Here are the top 10 most costly U.S. workplace injuries

Original post lifehealthpro.com

Workplace injuries and accidents are the near the top of every employer’s list of concerns.Here is the countdown of the top 10 causes and direct costs of the most disabling U.S. workplace injuries. The definitions and examples can be found at the BLS website.

  1. Repetitive motions involving micro-tasks

Some of these tasks may include a word processor who looks from the computer monitor to a document and back several times a day or the cashier at the local grocery store who is scanning and bagging groceries for several hours at a time.

  1. Struck against object or equipment

This category of workplace injury applies to workers who are hurt by forcible contact or impact, for example, an office worker who bumps into a filing cabinet or an assembly line worker who stubs a toe on stacked parts.

  1. Caught in or compressed by equipment or objects

These workplace injuries result from workers being caught in equipment or machinery that’s still running as well as in rolling, shifting or sliding objects.

Picture the scene in a movie in which wine barrels topple over, catching the bad guy beneath them, only in this case, it’s the employee whose job it may be to stack the barrels. Perhaps it’s the experienced worker who removes a machine guard to dislodge material that’s stuck and gets a finger caught when the machine starts moving again.

  1. Slip or trip without fall

Occasionally, workers do slip or trip without hitting the ground. Think of the employee entering the workplace who slips on icy stairs but is able to grab the handrail to prevent hitting the ground. But the action of grabbing the handrail may cause the employee to injure his shoulder or wrench her knee.

  1. Roadway incidents involving motorized land vehicle

The worker may be the driver, a passenger or a pedestrian, but the cause of the injury is an automobile, truck or motorcycle.

  1. Other exertions or bodily reactions

These motions include bending, crawling, reaching, twisting, climbing or stepping, according to the BLS. Consider, for example, a roofing contractor’s employees who are continually climbing up and down ladders.

  1. Struck by object or equipment

This category covers a range of possible injuries, from being struck by an object dropped by a fellow worker to being caught in a swinging door or gate. Picture the construction worker on a scaffold dropping a hammer on the worker below.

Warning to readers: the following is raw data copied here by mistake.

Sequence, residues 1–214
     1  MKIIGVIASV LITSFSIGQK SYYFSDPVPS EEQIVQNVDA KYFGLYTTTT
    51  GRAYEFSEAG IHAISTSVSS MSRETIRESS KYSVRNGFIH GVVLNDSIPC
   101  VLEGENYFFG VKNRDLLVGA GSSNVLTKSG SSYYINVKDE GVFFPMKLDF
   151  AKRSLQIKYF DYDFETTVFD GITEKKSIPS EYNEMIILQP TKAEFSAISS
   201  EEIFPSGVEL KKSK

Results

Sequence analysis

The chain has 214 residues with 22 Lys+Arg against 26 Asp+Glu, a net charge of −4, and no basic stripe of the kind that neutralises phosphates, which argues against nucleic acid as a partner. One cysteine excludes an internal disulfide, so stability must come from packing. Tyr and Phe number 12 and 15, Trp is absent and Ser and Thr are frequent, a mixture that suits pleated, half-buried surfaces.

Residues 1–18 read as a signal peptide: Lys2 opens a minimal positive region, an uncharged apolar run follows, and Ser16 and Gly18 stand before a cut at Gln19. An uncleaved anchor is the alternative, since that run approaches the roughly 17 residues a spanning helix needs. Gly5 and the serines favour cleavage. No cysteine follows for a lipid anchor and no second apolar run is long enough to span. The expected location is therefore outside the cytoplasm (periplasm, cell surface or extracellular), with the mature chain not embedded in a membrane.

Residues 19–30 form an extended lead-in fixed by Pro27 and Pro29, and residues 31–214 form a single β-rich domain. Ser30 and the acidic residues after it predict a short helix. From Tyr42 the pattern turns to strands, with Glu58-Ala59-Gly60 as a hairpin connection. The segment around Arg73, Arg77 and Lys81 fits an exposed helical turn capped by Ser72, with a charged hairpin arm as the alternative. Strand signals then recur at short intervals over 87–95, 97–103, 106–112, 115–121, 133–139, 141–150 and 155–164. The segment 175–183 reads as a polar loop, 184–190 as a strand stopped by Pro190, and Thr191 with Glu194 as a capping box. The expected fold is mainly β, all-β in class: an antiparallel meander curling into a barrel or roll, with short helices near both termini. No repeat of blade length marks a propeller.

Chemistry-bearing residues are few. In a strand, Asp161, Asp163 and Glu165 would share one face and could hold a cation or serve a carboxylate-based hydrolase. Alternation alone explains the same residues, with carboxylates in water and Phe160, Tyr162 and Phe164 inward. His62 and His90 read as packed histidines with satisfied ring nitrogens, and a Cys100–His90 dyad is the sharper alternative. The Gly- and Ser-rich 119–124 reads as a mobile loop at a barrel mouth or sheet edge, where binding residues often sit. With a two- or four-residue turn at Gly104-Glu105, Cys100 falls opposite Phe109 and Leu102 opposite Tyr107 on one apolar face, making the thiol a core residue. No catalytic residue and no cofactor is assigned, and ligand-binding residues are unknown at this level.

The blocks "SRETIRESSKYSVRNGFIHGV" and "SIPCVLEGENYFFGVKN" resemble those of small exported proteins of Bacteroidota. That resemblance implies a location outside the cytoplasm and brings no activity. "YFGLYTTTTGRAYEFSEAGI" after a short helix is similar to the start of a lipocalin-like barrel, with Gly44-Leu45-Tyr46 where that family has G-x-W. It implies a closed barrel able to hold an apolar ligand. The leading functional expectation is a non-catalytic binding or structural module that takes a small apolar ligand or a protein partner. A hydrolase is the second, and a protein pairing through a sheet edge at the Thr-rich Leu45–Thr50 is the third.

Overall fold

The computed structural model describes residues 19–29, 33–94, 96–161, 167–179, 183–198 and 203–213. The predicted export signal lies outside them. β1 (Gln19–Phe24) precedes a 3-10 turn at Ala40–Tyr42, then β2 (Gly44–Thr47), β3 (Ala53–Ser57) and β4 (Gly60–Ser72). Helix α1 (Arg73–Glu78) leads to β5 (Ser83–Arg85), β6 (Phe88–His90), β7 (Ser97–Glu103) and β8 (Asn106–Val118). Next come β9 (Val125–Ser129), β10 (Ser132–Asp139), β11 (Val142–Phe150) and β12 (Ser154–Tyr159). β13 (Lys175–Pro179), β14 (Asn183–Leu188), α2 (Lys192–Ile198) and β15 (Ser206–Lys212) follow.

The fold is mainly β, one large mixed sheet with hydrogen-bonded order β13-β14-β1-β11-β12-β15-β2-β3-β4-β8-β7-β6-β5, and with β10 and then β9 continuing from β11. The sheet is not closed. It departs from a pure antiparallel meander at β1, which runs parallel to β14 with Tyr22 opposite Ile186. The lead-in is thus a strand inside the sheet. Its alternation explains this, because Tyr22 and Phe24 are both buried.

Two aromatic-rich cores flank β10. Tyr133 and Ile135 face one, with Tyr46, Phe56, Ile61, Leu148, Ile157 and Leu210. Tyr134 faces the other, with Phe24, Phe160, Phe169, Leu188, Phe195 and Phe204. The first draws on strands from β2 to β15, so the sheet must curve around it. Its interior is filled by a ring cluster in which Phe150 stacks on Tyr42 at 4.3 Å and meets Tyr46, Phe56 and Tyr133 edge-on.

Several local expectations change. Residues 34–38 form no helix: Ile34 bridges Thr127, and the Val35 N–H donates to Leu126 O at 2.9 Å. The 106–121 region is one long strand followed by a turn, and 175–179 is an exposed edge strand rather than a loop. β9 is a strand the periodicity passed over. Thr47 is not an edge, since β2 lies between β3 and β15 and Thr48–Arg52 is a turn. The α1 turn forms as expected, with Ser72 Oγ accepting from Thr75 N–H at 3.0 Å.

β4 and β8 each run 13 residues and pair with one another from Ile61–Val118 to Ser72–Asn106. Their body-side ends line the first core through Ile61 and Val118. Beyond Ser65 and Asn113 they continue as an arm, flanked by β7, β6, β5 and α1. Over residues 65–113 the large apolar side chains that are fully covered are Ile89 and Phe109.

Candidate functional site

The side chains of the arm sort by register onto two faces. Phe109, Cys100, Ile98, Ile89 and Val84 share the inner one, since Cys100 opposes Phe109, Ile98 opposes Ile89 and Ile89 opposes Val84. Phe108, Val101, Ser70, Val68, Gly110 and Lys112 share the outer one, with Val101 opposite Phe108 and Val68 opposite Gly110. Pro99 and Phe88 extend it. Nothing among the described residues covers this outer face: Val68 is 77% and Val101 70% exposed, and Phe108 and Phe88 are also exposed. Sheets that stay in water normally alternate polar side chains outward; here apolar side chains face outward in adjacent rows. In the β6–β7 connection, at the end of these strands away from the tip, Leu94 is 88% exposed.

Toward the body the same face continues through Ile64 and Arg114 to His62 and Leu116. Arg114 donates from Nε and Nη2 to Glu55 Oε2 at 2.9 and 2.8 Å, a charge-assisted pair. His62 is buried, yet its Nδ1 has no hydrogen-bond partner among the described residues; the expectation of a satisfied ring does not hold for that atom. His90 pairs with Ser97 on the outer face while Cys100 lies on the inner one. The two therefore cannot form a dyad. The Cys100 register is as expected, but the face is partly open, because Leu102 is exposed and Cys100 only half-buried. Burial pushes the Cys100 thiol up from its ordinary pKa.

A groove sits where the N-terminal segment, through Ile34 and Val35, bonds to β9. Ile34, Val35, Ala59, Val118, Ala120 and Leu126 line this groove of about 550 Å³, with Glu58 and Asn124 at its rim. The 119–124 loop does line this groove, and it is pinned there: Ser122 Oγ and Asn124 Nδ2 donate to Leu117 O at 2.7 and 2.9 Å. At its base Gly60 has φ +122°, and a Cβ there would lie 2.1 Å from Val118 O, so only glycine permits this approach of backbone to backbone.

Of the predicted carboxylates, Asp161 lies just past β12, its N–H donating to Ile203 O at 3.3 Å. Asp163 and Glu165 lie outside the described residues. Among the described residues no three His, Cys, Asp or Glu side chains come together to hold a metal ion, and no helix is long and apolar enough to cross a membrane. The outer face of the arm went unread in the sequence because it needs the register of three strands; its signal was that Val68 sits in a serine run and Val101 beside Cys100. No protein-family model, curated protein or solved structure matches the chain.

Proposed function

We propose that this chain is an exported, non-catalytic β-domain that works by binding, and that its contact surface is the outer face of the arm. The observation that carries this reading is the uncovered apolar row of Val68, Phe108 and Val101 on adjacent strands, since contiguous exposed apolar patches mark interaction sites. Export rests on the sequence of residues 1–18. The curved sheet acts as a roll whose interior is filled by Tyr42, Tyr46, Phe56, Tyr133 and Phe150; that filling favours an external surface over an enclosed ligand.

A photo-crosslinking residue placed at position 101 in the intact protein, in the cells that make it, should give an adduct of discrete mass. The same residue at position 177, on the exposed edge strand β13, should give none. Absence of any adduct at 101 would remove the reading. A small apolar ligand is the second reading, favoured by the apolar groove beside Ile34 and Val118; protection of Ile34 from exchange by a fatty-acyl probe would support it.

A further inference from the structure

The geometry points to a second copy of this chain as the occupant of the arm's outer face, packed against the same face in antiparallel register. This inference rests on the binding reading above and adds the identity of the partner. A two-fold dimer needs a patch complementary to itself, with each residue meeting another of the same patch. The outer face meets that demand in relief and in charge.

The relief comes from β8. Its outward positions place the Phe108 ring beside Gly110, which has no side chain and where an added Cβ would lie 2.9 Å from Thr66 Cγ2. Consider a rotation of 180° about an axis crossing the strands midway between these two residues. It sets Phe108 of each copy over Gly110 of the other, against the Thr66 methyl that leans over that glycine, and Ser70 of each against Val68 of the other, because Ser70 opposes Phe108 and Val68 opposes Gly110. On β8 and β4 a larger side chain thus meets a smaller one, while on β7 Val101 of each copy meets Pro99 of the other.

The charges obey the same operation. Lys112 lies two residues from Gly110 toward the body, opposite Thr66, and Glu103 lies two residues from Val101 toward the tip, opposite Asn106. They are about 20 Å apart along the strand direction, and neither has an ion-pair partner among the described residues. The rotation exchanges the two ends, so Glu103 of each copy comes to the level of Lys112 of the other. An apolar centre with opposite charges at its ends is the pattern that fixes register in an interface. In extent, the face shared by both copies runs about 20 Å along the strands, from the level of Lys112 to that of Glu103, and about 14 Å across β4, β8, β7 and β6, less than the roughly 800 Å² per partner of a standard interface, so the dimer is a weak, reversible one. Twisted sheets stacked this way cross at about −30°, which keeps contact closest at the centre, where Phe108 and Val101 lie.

1. Falls to lower level

The roofer could fall to the ground from the roof or ladder, or an office worker standing on a stepstool, reaching for a heavy file box, could fall to the floor.

  1. Falls on same level

The second most costly workplace injury, surprisingly, is a fall on the same level. Picture the employee who is walking through the office and falls over an uneven floor surface or someone leaning too far back in an office chair and toppling over.

  1. Overexertion involving an outside source

The BLS explains that overexertion occurs when the physical effort of a worker who lifts, pulls, pushes, holds, carries, wields or throws an object results in an injury.

The object being handled is often heavier than the weight that a worker should be handling or the object is handled improperly. For example, lifting from a shelf that’s too high, or in a space that’s cramped. Within the broad category of sprains, strains, and tears caused by overexertion, most incidents resulted specifically from overexertion in lifting.

Risk managers should work with their carriers and workplace safety specialists to minimize injuries, lost work days and workers’ compensation costs.With a little effort, employers can understand more about the causes of accidents and injuries in their organizations, identify the appropriate actions to reduce the number of injuries and minimize employee disabilities from workplace accidents.

You may look more productive skipping lunch, or eating at your desk. But you aren’t.

Original post Ellie Krieger, The Washington Post

The hour-long lunch may be a charming relic of the past, like phone cords and typewriters, but in today’s 24-7 work culture, many of us don’t take any lunch break at all.

Fewer than 20 percent of American workers regularly step away for a midday meal, and 39 percent usually eat at their desks, according to a survey done by Right Management.

This trend is fueled by the notion that the most dedicated, effective workers are constantly available and on-task, and that taking a lunch break is counterproductive. It’s a perception that’s especially powerful in the tech sector, which gave birth to the meal-replacement drink Soylent so you don’t need to stop what you are doing to eat. The tagline for the product is “free your body,” which implies we’d be better off liberated from the pesky burden of needing to be fed.